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dc.contributor.authorChen, Shanquan
dc.contributor.authorAruldass, Athina
dc.contributor.authorCardinal, Rudolf
dc.date.accessioned2021-11-23T00:30:34Z
dc.date.available2021-11-23T00:30:34Z
dc.date.issued2022-02-01
dc.identifier.issn0165-0327
dc.identifier.urihttps://www.repository.cam.ac.uk/handle/1810/330950
dc.description.abstractBACKGROUND: Worsening of anxiety and depressive symptoms have been widely described during the COVID-19 pandemic. It can be hypothesized that vaccination could link to reduced symptoms of anxiety and/or depression. However, to date, no study has assessed this. This study aims to examine anxiety and depressive symptoms after vaccination in US adults, meanwhile test sociodemographic disparities in these outcomes. METHODS: Data from the January 6-June 7 2021, cross-sectional Household Pulse Survey were analyzed. Using survey-weighted logistic regression, we assessed the relationships between SARS-CoV-2 vaccination and anxiety and/or depressive symptoms, both on overall and sociodemographic subgroups. We controlled for a variety of potential socioeconomic and demographic confounding factors. RESULTS: Of the 453,167 participants studied, 52.2% of the participants had received the COVID-19 vaccine, and 26.5% and 20.3% of the participants reported anxiety and depression, respectively. Compared to those not vaccinated, the vaccinated participants had a 13% lower odds of anxiety (adjusted odds ratio [AOR] = 0.85, 95%CI 0.83-0.90) and 17% lower odds of depression (AOR = 0.83, 95%CI 0.79-0.85). Disparities on the above associations were identified in age, marital status, education level, ethnic/race, and income level, but not on gender. LIMITATIONS: The causal inference was not able to be investigated due to the cross-sectional study design. CONCLUSION: Being vaccinated for SARS-CoV-2 was associated with lower odds of anxiety and/or depressive symptoms. While those more middle-aged or more affluent, were more likely to show these negative associations, the contrary was observed in ethnic minorities and those with lower educational attainment. More strategic and demography-sensitive public health communications could perhaps temper these issues.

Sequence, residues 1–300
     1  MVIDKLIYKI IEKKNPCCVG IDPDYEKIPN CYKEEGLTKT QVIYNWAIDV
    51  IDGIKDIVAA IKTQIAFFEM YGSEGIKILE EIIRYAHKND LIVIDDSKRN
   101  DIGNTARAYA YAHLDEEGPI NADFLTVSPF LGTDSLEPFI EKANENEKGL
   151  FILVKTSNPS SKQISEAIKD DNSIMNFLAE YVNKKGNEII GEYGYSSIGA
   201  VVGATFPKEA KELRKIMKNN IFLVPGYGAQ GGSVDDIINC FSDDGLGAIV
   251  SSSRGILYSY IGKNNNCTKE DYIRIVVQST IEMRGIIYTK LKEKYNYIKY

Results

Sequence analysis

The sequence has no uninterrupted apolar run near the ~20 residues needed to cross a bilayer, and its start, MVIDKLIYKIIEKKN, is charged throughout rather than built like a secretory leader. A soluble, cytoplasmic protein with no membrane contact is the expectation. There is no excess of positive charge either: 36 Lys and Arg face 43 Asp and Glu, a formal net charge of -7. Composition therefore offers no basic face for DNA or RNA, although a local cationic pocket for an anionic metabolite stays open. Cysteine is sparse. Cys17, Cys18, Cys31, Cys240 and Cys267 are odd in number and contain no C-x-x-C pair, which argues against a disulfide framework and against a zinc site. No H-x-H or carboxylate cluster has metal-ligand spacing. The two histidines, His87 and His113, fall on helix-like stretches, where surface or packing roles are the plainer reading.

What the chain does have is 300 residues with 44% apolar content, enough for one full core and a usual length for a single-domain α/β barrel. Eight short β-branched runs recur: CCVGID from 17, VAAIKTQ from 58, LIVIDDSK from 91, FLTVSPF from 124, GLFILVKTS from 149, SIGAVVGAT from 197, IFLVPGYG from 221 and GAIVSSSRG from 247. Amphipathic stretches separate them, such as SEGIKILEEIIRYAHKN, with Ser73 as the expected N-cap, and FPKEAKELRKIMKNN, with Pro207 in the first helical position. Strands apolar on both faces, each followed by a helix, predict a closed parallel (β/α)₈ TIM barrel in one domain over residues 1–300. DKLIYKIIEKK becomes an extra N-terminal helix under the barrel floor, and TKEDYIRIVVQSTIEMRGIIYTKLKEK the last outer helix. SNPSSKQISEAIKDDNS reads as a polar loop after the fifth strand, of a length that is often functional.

dc.languageeng
dc.publisherElsevier
dc.rightsAttribution 4.0 International
dc.rights.urihttps://creativecommons.org/licenses/by/4.0/
dc.subjectAnxiety
dc.subjectDepression
dc.subjectSARS-CoV-2 vaccination
dc.subjectUnited States
dc.titleMental health outcomes after SARS-CoV-2 vaccination in the United States: A national cross-sectional study.
dc.typeArticle
prism.endingPage399
prism.issueIdentifierPt A
prism.publicationNameJournal of Affective Disorders
prism.startingPage396
prism.volume298
dc.identifier.doi10.17863/CAM.78394
dcterms.dateAccepted2021-10-29
rioxxterms.versionofrecord10.1016/j.jad.2021.10.134
rioxxterms.versionVoR
rioxxterms.licenseref.urihttp://www.rioxx.net/licenses/all-rights-reserved
rioxxterms.licenseref.startdate2021-10-29
dc.contributor.orcidChen, Shanquan [0000-0002-4724-4892]
dc.contributor.orcidAruldass, Athina [0000-0002-6553-659X]
dc.contributor.orcidCardinal, Rudolf [0000-0002-8751-5167]
dc.identifier.eissn1573-2517
rioxxterms.typeJournal Article/Review
pubs.funder-project-idMedical Research Council (MC_PC_17213)
cam.issuedOnline2021-11-11


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Attribution 4.0 International
Except where otherwise noted, this item's licence is described as Attribution 4.0 International